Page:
Legendary coach Paul Webb dies, leaves indelible legacy, void

VIRGINIA BEACH, Va. (WAVY) — Paul Webb had an impact that is impossible to measure on so many in the Hampton Roads basketball and sports community.

His legacy goes beyond the court and touches so many, spanning multiple generations.

Webb, who coached at Randolph Macon and Old Dominion universities, died Friday at his Virginia Beach home, his family told WAVY. He was 94.

His death comes two years to the day after his wife, Charlotte, died. The two, who met in high school, were married for 72 years.

For 58 years, Webb conducted his basketball camp for kids in the summer, so there’s a good chance you, your own children or other family members crossed paths with the icon in our Hampton Roads sports community.

Webb came to Old Dominion as the men’s basketball coach in 1975 after coaching at Randolph-Macon University in Ashland for 19 seasons.

In his first season in Norfolk taking over from Sonny Allen, who left to coach at Southern Methodist University after leading the Monarchs to the Division II national championship, Webb led the Monarchs to the Division II Final Four.

In ODU’s first year in Division I — the 1976-1977 season — Webb led the Monarchs to a home upset of Mississippi State, and road upsets of Georgetown and Virginia, on their way to a 25-4 season, winning 22 games in a row at one point and just missed out on being one of the 32 teams in the NCAA tournament after falling to Syracuse 67-64 before a frenzied sellout crowd at Scope for the ECAC championship game.

He spent 10 seasons as coach, leading ODU to nine postseason berths in 10 seasons — four times in the NCAA tournament and five times in the NIT — before retiring in 1986 with 196 wins at ODU and 511 for his career, at the time the fifth-highest win total in college basketball.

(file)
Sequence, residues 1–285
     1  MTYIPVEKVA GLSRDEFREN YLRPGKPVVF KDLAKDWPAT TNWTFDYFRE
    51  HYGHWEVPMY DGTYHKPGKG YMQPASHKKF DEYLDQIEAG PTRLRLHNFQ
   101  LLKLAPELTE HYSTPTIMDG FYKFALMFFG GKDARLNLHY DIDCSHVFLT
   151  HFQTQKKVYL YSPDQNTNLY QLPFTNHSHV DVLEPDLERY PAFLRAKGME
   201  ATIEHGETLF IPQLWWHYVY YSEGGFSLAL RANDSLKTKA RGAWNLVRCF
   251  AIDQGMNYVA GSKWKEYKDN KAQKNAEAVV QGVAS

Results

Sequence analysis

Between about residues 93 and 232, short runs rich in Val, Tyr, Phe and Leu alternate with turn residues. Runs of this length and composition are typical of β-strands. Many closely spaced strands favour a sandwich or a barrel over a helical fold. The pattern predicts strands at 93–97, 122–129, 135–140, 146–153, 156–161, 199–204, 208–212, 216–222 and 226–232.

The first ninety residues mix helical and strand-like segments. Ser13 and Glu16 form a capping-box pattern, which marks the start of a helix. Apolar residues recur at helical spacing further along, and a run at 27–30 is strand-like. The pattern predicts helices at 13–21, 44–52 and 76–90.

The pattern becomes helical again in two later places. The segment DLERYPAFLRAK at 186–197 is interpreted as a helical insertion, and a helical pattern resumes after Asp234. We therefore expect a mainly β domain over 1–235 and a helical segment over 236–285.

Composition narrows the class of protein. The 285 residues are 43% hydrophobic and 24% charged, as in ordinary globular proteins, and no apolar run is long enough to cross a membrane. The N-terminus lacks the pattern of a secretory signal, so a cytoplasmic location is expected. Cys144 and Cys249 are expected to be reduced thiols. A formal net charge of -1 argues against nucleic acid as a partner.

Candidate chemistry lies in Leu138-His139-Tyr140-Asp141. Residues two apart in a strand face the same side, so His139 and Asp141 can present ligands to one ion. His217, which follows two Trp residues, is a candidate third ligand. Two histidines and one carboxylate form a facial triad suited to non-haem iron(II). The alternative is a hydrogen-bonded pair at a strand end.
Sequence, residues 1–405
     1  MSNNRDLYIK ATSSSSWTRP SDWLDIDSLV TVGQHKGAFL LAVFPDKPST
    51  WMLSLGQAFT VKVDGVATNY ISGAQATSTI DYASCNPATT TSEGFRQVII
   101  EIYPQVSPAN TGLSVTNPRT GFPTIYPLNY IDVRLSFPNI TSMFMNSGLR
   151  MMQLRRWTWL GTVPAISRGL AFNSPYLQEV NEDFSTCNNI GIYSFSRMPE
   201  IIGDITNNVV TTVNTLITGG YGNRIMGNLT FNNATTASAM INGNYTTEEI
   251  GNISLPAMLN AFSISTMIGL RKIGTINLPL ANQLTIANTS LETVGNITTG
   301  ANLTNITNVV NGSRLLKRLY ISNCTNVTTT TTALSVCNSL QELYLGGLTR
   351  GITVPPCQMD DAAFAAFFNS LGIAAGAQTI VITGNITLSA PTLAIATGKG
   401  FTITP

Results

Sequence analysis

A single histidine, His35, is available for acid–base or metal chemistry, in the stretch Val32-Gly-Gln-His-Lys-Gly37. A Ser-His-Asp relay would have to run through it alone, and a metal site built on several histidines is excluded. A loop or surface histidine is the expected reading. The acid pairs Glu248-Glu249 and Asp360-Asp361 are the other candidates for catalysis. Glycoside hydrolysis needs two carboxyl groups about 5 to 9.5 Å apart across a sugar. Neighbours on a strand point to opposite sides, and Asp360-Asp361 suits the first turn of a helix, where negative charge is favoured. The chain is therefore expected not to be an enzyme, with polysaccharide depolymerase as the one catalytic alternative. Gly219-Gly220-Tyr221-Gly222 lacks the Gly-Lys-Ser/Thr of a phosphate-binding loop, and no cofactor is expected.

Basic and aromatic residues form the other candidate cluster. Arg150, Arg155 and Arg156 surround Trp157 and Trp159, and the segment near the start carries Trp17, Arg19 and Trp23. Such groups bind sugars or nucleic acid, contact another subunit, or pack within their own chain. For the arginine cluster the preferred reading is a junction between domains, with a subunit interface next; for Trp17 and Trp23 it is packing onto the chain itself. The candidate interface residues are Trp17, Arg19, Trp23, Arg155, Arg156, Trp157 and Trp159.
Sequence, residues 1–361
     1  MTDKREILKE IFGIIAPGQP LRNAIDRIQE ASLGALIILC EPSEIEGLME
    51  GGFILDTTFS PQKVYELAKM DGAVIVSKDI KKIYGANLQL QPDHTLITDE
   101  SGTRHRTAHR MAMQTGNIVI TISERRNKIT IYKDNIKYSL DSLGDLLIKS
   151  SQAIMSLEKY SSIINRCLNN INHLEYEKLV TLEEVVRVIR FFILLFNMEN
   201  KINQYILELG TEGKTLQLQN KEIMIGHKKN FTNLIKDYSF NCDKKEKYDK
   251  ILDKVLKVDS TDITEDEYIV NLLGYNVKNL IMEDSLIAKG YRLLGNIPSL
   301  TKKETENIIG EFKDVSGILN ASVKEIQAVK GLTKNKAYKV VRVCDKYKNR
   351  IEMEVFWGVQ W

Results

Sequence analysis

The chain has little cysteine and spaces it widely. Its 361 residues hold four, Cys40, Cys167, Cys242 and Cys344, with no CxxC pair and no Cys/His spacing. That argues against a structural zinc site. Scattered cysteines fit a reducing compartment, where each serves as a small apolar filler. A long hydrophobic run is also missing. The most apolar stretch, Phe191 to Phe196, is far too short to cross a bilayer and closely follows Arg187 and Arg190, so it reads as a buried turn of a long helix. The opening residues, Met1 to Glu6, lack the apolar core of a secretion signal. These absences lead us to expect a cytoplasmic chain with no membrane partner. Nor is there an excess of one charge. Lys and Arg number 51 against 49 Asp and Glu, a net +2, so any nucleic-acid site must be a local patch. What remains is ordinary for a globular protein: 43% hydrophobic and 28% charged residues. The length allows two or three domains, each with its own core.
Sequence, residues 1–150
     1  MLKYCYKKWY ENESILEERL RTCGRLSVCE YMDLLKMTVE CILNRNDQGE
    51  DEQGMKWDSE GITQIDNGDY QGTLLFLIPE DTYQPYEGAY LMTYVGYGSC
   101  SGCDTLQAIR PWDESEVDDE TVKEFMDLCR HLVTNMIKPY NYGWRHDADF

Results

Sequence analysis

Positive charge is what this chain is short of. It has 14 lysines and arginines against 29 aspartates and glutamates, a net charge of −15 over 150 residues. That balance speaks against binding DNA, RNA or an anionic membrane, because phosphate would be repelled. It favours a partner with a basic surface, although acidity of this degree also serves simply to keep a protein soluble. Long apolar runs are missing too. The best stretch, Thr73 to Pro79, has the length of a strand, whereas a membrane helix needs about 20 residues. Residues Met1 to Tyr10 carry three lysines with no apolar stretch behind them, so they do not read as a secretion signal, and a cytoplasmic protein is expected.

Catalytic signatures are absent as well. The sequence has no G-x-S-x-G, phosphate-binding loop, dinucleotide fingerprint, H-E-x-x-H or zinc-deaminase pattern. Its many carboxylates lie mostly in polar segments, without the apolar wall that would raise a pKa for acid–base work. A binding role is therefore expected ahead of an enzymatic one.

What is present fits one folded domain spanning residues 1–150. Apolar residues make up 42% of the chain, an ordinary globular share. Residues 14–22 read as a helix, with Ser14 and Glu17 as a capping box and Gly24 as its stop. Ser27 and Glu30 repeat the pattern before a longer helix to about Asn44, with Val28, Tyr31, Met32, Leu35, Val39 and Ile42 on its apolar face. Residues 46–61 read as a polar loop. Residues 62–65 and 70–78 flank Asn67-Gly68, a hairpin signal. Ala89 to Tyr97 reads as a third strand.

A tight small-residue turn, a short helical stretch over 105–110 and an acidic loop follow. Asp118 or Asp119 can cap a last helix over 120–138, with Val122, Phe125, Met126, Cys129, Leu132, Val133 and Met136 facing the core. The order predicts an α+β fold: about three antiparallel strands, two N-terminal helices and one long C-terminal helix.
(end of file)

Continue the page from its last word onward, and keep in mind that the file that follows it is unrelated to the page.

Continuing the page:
Webb, who likely had countless opportunities to coach elsewhere, was one of five finalists to replace Bill Foster at Duke, according to a 2022 story in the Raleigh News & Observer. At the time, Webb was 84-31 at ODU. Duke ended up hiring a coach — some guy named Mike Krzyzewski.

Webb, who was born in Petersburg and graduated from Petersburg High School and the College of William & Mary, impacted numerous lives at the college level, but his summer basketball camps for kids in Hampton Roads impacted countless lives in our area.

“I remember talking to him every summer, and it just seemed like his camps gave him so much life and enthusiasm,” ODU athletic director Wood Selig said. “I think he probably got more from his camps than his campers did, and I know they got a tremendous amount of knowledge and skill preparation. He was always so kind, and took whatever time anyone needed to speak with them. Very positive, always upbeat, supportive, a true gentleman. He leaves a big void for all of us at ODU, and certainly anyone associated with ODU basketball.”

“I never imagined back in 1965 when we started our camp for the first time that we’d be going this long and have this many kids come through our camp, establish so many relationships like we’ve been able to with players, coaches and kids,” Webb said. “It’s just been so much fun.”

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